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Killing cactus at Goonderoo

Leanne Hales (Volunteer Coordinator North)
Published 30 Oct 2017 by Leanne Hales (Volunteer Coordinator North)

Volunteers play an important role in weed control projects across the country. On Goonderoo Reserve in Central Qld, the target species is Sword Cactus (Acanthocereus pentagonus) a tall, columnar cactus that reaches a height of 2–7 m.

Sword Cactus is multi-stemmed and highly spiky. It has the ability to form dense thickets and will dominate a vegetation community to the exclusion of many other plant and animal species.

Thankfully, Sword Cactus has only been recorded at a handful of locations in Australia. One of these locations is the district of Fernlees, between Emerald and Springsure, which includes Goonderoo Reserve.

At Goonderoo, the infestation is threatening brigalow shrublands which are listed as threatened and, in 2016, staff conducted trials to determine the most economical and environmentally-friendly way to knock down this thorny invader.

Between May and September this year, volunteers continued this work and it’s clear that the efforts have paid off.

In just over 12 months, what seemed like an insurmountable task has been reduced to a survey and hold operation.

Towering tangles of cactus have been reduced to powder and, with follow-up on small and resprouting plants, we’re confident that this is a weed battle we can win.

Ecologist, Dr Rebecca Diete, recently visited Goonderoo to conduct a post-treatment survey and reported the following excellent results:

Post-treatment survey of sword cactus (Acanthocereus pentagonus) on Goonderoo Reserve  


A sample of 300 sword cactus plants was used to indicate weed control success on Goonderoo Reserve. For every plant located, a health score was assigned by visual assessment. Plants were classed as Dead, Sick or Healthy. Dead plants displayed no green colour and were usually considerably wilted in stature (Figure 1). Sick cacti were brown over the majority of the plant but still showed some signs of life. Healthy cacti were green over most of the plant.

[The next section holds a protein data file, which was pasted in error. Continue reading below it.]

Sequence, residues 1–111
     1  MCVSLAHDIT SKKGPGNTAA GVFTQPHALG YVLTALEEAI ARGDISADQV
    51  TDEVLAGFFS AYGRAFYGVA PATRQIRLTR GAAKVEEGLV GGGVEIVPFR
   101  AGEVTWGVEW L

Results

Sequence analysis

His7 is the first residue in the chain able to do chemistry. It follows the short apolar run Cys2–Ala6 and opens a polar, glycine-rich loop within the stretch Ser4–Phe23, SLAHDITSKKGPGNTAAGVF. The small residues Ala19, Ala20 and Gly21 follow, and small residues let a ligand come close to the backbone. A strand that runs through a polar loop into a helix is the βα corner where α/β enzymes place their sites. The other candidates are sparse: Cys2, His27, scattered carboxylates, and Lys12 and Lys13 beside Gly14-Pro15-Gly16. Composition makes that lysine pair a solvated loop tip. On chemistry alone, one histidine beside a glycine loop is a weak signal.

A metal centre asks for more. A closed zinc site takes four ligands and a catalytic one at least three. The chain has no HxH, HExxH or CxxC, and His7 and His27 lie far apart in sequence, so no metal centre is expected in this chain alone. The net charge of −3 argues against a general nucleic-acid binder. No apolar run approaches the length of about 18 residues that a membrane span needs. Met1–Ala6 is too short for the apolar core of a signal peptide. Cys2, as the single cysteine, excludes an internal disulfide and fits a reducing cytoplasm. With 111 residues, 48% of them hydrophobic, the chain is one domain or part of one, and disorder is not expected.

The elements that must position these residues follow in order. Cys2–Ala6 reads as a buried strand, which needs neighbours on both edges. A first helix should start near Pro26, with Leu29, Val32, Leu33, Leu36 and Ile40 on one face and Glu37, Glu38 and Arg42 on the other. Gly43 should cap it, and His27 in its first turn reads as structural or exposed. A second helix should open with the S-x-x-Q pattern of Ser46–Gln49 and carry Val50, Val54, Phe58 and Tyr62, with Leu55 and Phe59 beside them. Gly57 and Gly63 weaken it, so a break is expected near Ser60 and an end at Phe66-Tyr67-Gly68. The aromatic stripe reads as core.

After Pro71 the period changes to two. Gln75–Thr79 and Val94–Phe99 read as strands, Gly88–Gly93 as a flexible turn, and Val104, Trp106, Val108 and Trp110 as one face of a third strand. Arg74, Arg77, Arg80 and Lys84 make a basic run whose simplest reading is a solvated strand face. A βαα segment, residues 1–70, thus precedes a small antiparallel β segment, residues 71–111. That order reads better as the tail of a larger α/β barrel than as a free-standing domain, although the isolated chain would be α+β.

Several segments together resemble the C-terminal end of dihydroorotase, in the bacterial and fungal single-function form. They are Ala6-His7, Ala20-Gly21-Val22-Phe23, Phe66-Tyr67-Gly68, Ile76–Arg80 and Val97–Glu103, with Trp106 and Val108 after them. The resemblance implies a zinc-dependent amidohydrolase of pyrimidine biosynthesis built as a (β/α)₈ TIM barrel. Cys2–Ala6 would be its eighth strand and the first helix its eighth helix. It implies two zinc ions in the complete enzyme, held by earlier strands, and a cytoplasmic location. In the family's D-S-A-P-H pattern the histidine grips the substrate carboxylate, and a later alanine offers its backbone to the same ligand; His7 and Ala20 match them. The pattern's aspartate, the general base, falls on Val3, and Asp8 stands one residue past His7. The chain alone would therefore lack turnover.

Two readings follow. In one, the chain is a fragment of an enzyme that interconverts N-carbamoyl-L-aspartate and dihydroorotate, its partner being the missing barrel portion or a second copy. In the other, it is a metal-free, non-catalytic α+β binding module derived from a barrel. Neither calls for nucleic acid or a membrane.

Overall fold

Of the 300 plants surveyed, 287 (95.7%) were either Dead or Sick (Figure 4; Table 1). The remaining 13 plants appeared healthy and were apparently missed by weed spraying activities.  

Number of Dead, Sick and Healthy sword cactus plants in each paddock sampled. 

Paddock name Dead Sick Healthy Total plants
Gilgai 5 0 0 5
Springsure East 6 8 3 17
Springsure West  4 0 0 4
Indians West  0 19 6 25
Indians East  112 27 1 140
Chiefs  101 5 3 109
Percentage  76 19.7 4.3  


It's evident that the chemical treatment mix and application methods for treating sword cactus were very effective in treating the vast majority of these plants on Goonderoo Reserve. Follow up activities should include treating the small number of plants missed by the initial treatments, spraying of newly generated plants and ensuring that all sick cacti are dead following a long enough post-treatment period.

In 2018, we will continue working with neighbours and the local Council to and eradicate Sword cactus from the brigalow stands at Fernlees enhance environmental values at the landscape scale.

Aerial view of Sword Cactus through the brigalow. Aerial view of Sword Cactus through the brigalow.
Marj Jones assesses a cactus. Marj Jones assesses a cactus.
Dead sword pear in Zone C. Dead sword pear in Zone C.
A dead cactus that's wilted and completed brown. A dead cactus that's wilted and completed brown.
A sick Sword Cactus, which is still partially green. A sick Sword Cactus, which is still partially green.
A healthy Sword Cactus.  A healthy Sword Cactus.
Resprouting cactus. Resprouting cactus.

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